Lorraine Hansberry embodied the phrase “young, gifted, and
black.” She was the very first black woman to pen a Broadway play and the very
first black person to ever win a New York’s Drama Critic’s Circle Award and today
would have been her 87th birthday.
Lorraine Hansberry at her typewriter in her Greenwich Village apartment. Photo by David Attie (x).
Born on May 19, 1930, Lorraine was the youngest of her
parents’ four children. Her mother was a driving school teacher and her father
was a notable real estate salesman in the South Side of Chicago. In 1938, her
father bought a house in the historically white area of Washington Park Subdivision.
After the white residents of the subdivision tried to keep the Hansberrys from purchasing the home, Lorraine and her family were engulfed in the now
famous case of Hansberry v. Lee. The publicity the case received not only
resulted in the Hansberry family becoming close friends with several iconic
black activists such as W.E.B. Du Bois and Paul Robeson, but it also led to the
creation of A Raisin in the Sun, the semi-autobiographical play that would put Lorraine’s name on the map.
After spending her college days deep in political
activism, Lorraine decided to move to New York City in 1950 to try and make it as a writer. She
eventually moved to Harlem and began working for Freedom newspaper, a progressive, black publication. In 1953,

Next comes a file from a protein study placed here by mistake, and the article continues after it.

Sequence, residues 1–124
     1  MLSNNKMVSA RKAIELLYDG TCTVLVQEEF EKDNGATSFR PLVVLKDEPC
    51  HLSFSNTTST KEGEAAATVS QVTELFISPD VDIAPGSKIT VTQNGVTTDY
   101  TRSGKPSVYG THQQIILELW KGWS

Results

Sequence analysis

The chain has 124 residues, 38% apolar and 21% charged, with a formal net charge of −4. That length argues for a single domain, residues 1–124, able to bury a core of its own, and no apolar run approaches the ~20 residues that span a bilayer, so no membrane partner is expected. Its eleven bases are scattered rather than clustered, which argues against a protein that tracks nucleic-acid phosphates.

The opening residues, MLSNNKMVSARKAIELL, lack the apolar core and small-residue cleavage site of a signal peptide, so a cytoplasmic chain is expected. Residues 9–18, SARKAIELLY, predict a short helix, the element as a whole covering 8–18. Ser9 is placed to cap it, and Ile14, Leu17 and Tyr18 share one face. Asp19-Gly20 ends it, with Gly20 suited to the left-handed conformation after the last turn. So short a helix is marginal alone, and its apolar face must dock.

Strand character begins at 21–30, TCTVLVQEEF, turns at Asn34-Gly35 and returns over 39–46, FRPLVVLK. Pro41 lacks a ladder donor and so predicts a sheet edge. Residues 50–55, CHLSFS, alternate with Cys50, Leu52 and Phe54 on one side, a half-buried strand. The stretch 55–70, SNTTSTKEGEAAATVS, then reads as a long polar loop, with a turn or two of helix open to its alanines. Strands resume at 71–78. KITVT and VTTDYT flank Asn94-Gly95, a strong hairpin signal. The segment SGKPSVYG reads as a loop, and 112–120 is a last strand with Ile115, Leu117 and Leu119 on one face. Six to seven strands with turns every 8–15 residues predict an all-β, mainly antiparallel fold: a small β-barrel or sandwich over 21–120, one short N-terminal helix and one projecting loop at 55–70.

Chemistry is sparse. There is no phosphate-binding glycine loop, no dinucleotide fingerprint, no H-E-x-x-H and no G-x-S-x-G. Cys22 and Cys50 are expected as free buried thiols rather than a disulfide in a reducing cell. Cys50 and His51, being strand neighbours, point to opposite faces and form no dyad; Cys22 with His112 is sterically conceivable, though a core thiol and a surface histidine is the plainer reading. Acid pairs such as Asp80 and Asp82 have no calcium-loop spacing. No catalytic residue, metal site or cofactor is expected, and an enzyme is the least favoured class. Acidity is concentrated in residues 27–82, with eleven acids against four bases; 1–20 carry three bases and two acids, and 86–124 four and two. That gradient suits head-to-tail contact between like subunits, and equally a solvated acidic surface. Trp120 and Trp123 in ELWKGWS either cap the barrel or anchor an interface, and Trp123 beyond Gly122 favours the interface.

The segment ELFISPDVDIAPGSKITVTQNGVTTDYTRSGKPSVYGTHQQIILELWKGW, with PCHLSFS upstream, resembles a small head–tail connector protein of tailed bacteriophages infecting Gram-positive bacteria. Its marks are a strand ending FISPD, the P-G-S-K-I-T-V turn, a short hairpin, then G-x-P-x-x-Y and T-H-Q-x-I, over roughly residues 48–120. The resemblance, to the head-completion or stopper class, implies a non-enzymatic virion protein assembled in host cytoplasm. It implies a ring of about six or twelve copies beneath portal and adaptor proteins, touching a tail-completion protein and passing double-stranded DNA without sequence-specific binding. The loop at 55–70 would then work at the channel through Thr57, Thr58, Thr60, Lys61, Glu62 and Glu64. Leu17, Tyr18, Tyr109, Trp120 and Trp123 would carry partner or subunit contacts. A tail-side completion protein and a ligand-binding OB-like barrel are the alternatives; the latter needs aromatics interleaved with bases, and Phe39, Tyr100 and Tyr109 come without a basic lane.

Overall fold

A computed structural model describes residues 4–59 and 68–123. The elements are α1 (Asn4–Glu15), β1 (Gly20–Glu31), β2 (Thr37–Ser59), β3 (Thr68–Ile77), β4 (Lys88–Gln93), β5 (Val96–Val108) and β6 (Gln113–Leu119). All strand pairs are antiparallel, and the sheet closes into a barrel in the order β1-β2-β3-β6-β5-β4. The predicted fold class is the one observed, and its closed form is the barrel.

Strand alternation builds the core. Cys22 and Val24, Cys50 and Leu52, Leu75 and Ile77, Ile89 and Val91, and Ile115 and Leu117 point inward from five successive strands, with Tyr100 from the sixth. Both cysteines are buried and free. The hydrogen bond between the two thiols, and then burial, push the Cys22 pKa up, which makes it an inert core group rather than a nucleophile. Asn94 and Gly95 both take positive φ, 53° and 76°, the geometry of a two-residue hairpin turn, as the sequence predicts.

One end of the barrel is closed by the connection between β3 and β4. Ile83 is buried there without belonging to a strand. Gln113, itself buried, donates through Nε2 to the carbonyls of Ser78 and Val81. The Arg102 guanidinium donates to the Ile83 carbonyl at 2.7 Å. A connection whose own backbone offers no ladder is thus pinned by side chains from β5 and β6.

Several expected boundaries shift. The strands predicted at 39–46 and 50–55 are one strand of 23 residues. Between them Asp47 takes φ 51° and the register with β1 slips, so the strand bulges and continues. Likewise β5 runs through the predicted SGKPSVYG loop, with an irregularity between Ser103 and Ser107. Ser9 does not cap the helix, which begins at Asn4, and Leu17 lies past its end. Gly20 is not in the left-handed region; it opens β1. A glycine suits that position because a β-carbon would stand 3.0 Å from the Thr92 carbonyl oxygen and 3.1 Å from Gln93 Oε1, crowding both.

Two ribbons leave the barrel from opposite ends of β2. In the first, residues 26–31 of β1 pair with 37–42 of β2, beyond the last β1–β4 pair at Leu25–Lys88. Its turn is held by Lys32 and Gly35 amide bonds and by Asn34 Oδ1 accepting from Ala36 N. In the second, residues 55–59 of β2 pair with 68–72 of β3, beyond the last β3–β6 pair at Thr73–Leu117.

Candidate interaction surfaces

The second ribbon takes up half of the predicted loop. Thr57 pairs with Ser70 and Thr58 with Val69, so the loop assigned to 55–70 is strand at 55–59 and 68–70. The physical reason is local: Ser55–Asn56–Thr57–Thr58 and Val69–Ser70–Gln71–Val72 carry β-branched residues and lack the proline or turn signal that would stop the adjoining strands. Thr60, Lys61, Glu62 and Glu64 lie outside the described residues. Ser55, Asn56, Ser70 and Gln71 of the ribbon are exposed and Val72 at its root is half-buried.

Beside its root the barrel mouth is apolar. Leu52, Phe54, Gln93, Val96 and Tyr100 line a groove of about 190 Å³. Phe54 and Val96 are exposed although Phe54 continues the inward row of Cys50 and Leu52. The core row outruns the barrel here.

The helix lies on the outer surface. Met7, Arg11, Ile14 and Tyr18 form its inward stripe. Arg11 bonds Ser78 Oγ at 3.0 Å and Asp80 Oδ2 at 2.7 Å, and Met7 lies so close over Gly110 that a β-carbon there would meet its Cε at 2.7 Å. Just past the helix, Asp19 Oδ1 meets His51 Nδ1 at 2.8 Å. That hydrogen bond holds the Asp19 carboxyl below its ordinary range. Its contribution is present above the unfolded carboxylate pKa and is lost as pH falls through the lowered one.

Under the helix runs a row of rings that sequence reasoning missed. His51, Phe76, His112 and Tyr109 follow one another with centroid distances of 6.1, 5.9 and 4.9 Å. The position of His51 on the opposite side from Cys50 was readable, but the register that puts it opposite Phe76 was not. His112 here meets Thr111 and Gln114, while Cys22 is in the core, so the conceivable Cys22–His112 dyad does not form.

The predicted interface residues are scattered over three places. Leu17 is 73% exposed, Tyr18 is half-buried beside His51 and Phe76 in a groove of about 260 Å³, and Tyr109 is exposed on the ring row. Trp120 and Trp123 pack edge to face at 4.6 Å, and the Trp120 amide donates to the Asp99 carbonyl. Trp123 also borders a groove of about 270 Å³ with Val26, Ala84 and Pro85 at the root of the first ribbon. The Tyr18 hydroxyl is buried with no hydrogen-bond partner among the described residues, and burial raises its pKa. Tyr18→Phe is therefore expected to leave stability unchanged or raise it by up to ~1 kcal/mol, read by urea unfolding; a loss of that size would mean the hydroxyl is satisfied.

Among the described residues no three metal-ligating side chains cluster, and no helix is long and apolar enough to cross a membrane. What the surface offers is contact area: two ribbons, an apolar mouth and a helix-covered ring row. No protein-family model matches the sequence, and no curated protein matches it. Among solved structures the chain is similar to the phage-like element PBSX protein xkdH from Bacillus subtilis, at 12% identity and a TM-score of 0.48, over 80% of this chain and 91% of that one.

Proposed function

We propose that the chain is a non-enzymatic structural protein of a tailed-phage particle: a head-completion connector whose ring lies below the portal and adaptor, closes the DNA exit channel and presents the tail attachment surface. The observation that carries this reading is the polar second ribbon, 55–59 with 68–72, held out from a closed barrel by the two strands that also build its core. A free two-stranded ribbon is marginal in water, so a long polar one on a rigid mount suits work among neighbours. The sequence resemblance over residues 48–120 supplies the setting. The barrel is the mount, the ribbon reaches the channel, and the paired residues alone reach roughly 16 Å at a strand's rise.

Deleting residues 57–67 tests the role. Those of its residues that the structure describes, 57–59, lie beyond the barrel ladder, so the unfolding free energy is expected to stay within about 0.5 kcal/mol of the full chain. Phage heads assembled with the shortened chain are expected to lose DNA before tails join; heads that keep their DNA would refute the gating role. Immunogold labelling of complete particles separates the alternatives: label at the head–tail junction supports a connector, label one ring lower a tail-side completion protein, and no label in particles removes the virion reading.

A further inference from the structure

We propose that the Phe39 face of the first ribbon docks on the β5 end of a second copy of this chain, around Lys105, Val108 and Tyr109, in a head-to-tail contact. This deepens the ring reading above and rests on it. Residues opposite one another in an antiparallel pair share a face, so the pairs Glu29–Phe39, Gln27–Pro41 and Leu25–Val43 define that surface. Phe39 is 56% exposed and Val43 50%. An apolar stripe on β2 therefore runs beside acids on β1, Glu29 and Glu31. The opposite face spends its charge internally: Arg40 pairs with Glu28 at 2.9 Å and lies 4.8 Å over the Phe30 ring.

Lorraine married a prominent Jewish songwriter and political activist, Robert
Nemiroff. The marriage was short lived and the two separated amicably in 1956,
most likely because it is around this time that Lorraine came to terms with her
lesbianism. After separating from Robert, she became involved in the
LGBT activist scene in New York, joined the Daughters of Bilitis, and began
contributing to the lesbian magazine The Ladder under her initials “LHN.” Lorraine’s
personal journals and letters reveal a deep and distinct understanding of her
own sexuality, which you can read more about here!
Cigarette in hand, Lorraine dances with James Baldwin – one of her closest friends who was also a gay black literary icon (x).
In 1957, Lorraine completed her magnum opus, A Raisin in the Sun. The play opened on Broadway
on March 11, 1959 and at the age of 29, Lorraine became the first black woman
in history to have written a play performed on a Broadway stage. A Raisin in the Sun went on to win the New
York Drama Critics Circle Award for Best Play, once again making Lorraine both the
first black person and the youngest person in history to ever win a Circle Award.
After her breakout success, she wrote two more plays, tried her hand at stage
directing, and stayed firmly planted in the heart of social activism.
Tragically, Lorraine was diagnosed with pancreatic cancer in 1963. She died on
January 12, 1965 at the young age of 34. Her play The Sign in Sidney Brustein’s Window coincidentally celebrated its
closing night on Broadway the night of her death.